I keep forgetting to put this down in writing even though I am thinking about it much of the time and have taken out copies of her books from my bookcases and written emails about this to friends and browsed through numerous congratulatory sites. The Canadian short story writer Alice Munro won the Nobel Prize for literature yesterday. The 13th woman to win it. Perhaps the only short story writer to win it. I’m not sure how many Canadian writers have won the prize, but not nearly enough.
I have been reading the short stories of Alice Munro for 25 years and her work just keeps on getting better. She is one of the most remarkable writers I have ever read and each time I reread one of her fictions I am staggered to find how much was missed on a previous reading.
When I began reading her work at university, a lecturer who was a Hemingway specialist told me Munro’s work was too domestic and uneventful, just a housewife writing about family and adultery and children and stuck away in a very small geographic area. She was regional, unimportant, trivial and couldn’t write novels, just short stories. I disagreed quite hotly and went red in the face – I could see the lecturer thinking that i was another of these petty, aggressive small-minded feminist types.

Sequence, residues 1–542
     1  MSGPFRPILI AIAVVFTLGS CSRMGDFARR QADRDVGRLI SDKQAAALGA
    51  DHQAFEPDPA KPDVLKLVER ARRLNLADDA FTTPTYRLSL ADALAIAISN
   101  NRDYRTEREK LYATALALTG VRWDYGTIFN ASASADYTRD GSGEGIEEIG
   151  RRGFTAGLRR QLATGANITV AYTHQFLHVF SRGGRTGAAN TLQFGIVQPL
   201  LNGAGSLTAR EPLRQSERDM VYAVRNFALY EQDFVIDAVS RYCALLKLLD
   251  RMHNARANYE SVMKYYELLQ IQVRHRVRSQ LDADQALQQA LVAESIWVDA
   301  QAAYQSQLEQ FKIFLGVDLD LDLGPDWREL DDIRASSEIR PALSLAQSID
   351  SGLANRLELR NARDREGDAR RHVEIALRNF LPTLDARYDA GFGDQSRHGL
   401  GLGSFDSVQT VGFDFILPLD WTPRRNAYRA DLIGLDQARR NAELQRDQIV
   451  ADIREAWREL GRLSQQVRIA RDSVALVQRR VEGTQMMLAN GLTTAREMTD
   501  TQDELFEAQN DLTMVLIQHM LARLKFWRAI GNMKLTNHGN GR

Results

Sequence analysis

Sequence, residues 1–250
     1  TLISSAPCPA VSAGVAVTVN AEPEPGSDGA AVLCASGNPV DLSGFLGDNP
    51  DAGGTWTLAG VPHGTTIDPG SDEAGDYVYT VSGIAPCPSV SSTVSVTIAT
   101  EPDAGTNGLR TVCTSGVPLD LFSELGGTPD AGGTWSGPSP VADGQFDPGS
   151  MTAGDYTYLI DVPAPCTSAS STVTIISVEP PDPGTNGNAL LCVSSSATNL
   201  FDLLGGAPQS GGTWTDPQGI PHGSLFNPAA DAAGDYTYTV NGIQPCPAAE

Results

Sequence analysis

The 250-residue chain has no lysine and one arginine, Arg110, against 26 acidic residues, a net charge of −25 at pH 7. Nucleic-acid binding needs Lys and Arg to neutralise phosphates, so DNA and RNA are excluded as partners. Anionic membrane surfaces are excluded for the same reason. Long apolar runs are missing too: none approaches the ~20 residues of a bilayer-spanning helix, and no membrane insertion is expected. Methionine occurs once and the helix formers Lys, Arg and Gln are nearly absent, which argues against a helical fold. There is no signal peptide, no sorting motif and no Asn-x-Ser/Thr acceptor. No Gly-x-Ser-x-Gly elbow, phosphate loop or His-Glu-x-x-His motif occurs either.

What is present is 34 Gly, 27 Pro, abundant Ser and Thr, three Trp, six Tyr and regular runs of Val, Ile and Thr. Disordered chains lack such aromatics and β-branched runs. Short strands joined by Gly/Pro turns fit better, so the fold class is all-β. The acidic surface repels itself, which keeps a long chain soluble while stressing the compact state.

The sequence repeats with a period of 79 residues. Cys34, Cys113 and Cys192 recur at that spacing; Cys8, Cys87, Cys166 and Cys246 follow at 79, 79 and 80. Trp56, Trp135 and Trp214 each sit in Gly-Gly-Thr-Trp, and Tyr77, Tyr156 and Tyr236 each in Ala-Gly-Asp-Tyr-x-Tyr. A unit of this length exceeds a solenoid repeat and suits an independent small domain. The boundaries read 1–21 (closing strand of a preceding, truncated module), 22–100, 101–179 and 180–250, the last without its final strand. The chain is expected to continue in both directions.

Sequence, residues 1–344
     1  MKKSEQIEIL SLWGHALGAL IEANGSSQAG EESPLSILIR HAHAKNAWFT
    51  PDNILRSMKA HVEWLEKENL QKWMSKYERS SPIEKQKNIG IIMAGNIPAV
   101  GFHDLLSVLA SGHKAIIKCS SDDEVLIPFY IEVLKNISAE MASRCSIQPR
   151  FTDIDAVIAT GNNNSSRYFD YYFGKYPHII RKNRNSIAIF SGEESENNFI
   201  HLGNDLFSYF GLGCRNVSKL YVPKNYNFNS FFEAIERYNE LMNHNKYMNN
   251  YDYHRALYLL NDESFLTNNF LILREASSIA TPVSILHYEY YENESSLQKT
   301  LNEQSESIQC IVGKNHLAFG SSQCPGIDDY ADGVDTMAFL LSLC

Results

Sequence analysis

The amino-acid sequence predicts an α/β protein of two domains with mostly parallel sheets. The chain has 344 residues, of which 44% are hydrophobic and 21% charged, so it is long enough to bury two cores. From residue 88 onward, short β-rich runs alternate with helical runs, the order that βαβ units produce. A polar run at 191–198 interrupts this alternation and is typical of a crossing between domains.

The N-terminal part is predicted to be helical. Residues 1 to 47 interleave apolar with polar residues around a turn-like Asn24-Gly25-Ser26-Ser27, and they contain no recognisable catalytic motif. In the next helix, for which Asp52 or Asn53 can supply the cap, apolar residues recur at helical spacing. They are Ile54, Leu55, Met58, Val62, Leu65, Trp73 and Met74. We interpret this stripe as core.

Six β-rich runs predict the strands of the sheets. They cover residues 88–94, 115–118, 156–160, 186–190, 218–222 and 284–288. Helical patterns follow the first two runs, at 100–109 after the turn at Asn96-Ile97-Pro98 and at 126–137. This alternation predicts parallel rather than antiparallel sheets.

He suggested I calm down and think it through reasonably. I did just that and came to the conclusion Alice Munro was a genius. A modest but knowing and confident genius. Her stories were about the big issues in life: how we misunderstand what we need most to grasp, how we fail at love, how we struggle to overcome shame, how unexpected and tricky life’s coincidences and intentions really are. Her insights into human nature and the relationships between mothers and daughters, or men and women, are unsentimental, penetrating and sharp as a paper knife.
Shame and embarrassment are driving forces for Munro’s characters, just as perfectionism in the writing has been a driving force for her: getting it down, getting it right, but also the impossibility of that. Munro chronicles failure much more often than she chronicles success, because the task of the writer has failure built in. In this she is a romantic: the visionary gleam exists, but it can’t be grasped, and if you drivel on about it openly the folks in the grocery store will think you’re a lunatic.
As in much else, Munro is thus quintessentially Canadian. Faced with the Nobel she will be modest, she won’t get a swelled head. The rest of us, on this magnificent occasion, will just have to do that for her.